Tool, and asking why trilobite fossils could be found near the beach. In short, floating some fairly standard creationist tropes.

A fairly cursory search of that individual's posts quickly indicates where they are coming from. Fine, whatever, but I'm not wasting my time on it.

That said, the scientific data on the age of the Earth has, to my mind, no bearing on one's belief in a "God"- or many "Gods"- unless ones theology is deeply intertwined with a story that contradicts the scientific evidence. I dont believe in any God or Gods (although nailing own a precise definition of what those words mean is, as always, a challenge) however many religious people have no problem reconciling their faith with the truth of evolution and the actual age of the Earth.

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Response to Warren DeMontague (Reply #39)

Tue Nov 20, 2012, 03:57 PM

45. first of all

leave my sister out of this.

We are supposed to be talking about the evidence. You say you have seen it. I say that I have not. Where did you see it and what did you see?

All the rocks give the same answer?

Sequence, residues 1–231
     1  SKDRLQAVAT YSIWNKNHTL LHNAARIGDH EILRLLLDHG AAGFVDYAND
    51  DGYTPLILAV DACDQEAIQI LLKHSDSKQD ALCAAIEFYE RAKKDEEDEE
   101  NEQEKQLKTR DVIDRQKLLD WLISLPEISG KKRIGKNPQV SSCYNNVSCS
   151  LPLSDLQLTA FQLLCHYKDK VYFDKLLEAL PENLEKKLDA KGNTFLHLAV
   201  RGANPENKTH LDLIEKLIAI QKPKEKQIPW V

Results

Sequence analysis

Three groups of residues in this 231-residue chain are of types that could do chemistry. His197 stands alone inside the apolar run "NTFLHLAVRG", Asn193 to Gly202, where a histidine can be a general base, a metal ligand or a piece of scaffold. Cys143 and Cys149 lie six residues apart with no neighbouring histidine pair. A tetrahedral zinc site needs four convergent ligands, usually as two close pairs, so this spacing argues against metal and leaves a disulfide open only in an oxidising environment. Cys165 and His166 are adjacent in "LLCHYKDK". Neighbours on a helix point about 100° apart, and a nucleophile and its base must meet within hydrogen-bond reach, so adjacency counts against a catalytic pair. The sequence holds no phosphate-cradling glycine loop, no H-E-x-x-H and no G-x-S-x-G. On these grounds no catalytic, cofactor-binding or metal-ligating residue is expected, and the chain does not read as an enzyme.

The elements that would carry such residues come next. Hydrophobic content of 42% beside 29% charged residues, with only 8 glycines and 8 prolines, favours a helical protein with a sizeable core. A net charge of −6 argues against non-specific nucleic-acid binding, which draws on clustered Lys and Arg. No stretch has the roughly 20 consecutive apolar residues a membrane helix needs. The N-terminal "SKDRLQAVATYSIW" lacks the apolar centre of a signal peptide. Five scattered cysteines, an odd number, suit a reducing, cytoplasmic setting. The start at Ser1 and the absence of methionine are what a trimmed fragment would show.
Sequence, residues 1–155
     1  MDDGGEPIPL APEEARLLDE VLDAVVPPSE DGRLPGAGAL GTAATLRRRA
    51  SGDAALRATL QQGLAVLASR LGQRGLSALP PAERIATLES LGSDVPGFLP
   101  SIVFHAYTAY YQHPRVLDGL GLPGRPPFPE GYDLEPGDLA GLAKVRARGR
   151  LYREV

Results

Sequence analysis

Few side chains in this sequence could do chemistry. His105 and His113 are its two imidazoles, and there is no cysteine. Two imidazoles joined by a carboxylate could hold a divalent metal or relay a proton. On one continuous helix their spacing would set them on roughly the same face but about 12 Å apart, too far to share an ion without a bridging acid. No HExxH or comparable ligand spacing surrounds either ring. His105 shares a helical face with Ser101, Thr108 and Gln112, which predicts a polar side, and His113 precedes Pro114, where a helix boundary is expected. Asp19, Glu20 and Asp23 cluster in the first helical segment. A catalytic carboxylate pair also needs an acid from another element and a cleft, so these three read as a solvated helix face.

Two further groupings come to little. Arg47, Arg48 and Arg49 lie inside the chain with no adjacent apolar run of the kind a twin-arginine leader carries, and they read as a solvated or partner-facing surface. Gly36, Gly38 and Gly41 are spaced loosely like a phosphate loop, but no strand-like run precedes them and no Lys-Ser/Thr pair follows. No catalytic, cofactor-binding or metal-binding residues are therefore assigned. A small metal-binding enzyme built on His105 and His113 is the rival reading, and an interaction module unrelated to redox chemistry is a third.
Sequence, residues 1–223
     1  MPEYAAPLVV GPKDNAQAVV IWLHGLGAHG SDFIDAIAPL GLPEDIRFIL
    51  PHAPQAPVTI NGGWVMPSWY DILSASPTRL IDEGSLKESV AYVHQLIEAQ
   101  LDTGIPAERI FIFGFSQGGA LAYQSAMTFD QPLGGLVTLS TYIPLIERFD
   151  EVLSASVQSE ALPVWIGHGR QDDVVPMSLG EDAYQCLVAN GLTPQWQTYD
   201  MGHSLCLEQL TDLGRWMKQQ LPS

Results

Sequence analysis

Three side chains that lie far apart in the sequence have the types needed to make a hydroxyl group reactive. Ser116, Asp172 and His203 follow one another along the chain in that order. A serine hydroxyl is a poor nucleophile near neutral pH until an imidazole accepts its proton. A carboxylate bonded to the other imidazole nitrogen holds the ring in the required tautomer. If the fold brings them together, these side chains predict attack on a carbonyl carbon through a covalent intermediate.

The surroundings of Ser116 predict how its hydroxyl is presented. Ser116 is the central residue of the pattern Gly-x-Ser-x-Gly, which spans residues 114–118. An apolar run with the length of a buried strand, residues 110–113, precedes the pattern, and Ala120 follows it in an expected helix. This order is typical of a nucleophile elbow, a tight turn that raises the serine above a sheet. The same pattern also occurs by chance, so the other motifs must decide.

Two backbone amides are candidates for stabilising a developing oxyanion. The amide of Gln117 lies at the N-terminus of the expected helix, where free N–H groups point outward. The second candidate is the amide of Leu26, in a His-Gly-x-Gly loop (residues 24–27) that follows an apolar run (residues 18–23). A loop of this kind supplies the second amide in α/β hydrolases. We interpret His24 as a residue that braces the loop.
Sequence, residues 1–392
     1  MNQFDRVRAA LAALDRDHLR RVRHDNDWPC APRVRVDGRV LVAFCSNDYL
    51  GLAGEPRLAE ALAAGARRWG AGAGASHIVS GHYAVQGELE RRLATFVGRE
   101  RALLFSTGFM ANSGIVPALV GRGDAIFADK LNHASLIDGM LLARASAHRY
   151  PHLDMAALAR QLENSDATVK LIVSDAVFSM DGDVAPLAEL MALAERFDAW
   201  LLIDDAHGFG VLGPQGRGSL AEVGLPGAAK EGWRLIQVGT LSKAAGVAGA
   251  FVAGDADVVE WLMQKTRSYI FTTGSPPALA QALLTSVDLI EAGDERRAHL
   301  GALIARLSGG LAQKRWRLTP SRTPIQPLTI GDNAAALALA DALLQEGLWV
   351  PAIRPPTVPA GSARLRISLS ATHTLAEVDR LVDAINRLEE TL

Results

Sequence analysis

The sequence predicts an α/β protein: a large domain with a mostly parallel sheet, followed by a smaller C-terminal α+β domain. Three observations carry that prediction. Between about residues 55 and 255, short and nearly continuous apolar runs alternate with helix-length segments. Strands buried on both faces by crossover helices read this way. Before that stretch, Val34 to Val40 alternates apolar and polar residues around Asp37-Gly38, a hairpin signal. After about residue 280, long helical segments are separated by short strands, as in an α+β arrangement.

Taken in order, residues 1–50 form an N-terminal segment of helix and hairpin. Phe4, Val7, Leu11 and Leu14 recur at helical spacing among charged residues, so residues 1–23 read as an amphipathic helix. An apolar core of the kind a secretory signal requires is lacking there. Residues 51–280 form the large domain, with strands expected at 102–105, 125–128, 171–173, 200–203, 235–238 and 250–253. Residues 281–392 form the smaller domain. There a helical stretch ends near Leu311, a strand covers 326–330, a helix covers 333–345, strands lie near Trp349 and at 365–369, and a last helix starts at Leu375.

All what rocks?

Moon rocks? Rocks from Europe and around the globe? Who tested these rocks and when? What kind of test did they do? Where did you see or read about these tests? A geology textbook? A website? A scientific journal?

What pre-Cambrian layer are you talking about? Where was this found? In what excavations?

As far as layers go, I can walk along the surface in Upstate New York and find shale with triolobites in it. And seashells. I did so myself, back when I was about twelve. Are those from the current era since they were on the surface? I can also walk along the surface in South Dakota and find shark's teeth. Is that from a land shark in the last 50 years? Why aren't those things down in some Cambrian layer instead of sitting on the surface?